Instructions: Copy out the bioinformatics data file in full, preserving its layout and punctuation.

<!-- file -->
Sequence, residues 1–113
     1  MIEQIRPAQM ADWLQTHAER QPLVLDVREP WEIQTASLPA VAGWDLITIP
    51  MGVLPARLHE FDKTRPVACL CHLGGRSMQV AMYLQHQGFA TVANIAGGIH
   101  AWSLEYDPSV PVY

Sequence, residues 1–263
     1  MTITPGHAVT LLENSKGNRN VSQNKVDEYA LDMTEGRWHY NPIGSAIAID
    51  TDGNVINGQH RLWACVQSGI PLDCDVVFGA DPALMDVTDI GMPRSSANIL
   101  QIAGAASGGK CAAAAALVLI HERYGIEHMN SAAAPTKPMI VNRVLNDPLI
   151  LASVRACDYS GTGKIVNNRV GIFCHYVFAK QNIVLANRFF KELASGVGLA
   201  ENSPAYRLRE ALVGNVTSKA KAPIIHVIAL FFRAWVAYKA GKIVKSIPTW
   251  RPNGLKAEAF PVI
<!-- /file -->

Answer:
Sequence, residues 1–113
     1  MIEQIRPAQM ADWLQTHAER QPLVLDVREP WEIQTASLPA VAGWDLITIP
    51  MGVLPARLHE FDKTRPVACL CHLGGRSMQV AMYLQHQGFA TVANIAGGIH
   101  AWSLEYDPSV PVY

Sequence, residues 1–263
     1  MTITPGHAVT LLENSKGNRN VSQNKVDEYA LDMTEGRWHY NPIGSAIAID
    51  TDGNVINGQH RLWACVQSGI PLDCDVVFGA DPALMDVTDI GMPRSSANIL
   101  QIAGAASGGK CAAAAALVLI HERYGIEHMN SAAAPTKPMI VNRVLNDPLI
   151  LASVRACDYS GTGKIVNNRV GIFCHYVFAK QNIVLANRFF KELASGVGLA
   201  ENSPAYRLRE ALVGNVTSKA KAPIIHVIAL FFRAWVAYKA GKIVKSIPTW
   251  RPNGLKAEAF PVI